Dark-sky ordinances are popping up across the country. The movement started when a few amateur astronomers realized that urban lights were blotting out the stars, causing a disruption in sleep for both wildlife and humans alike. This nocturnal light pollution hurts the environment and affects the feeding, mating, and living patterns of local wildlife.
To combat this effect, more and more communities are adopting dark-sky ordinances designed to limit the negative impact of artificial light. Compliance with the dark-sky regulations is the responsibility of not just the city, but homeowners within those zones as well, all designed to illuminate skyglow.
Skyglow is the reflection of light caused by the saturation of artificial light. It’s the orange glow in populated areas that prevents one from seeing the stars. Dark-sky rules are designed to combat this and use a variety of methods to reduce or illuminate this light pollution. In addition to limiting the time and type of lighting, they also employ specific light strategies to comply with the ordinances.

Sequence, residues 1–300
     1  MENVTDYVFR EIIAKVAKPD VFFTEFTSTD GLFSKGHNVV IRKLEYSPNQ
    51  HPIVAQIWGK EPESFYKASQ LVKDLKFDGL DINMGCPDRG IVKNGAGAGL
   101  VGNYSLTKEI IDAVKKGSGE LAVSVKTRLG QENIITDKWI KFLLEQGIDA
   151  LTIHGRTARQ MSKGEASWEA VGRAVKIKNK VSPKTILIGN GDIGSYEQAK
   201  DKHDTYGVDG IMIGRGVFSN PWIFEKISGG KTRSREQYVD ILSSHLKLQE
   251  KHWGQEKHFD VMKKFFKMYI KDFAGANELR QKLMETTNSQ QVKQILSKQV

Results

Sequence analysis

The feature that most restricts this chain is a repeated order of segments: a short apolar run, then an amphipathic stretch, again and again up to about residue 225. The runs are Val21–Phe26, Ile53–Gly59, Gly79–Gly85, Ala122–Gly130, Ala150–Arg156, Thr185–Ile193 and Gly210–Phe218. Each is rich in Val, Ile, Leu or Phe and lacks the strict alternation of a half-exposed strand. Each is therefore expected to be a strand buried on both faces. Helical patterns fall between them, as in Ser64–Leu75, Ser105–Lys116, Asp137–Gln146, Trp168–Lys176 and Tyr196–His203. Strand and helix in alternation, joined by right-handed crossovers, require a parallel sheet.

Homeowners in a dark-sky location must also adjust the lighting on their property to avoid citations. As with commercial properties, the use of directional lights, lower “lamp” bulbs, and compliant fixtures allow the homeowner to have adequate lighting, while observing dark-sky practices.
The International Dark-Sky Association, or IDA, offers resources for communities, business owners and homeowners that identify best practices and compliant lighting strategies. As more cities recognize the benefits of dark-sky policies on the environment and their citizens, expect to find more dark-sky ordinances across the country.
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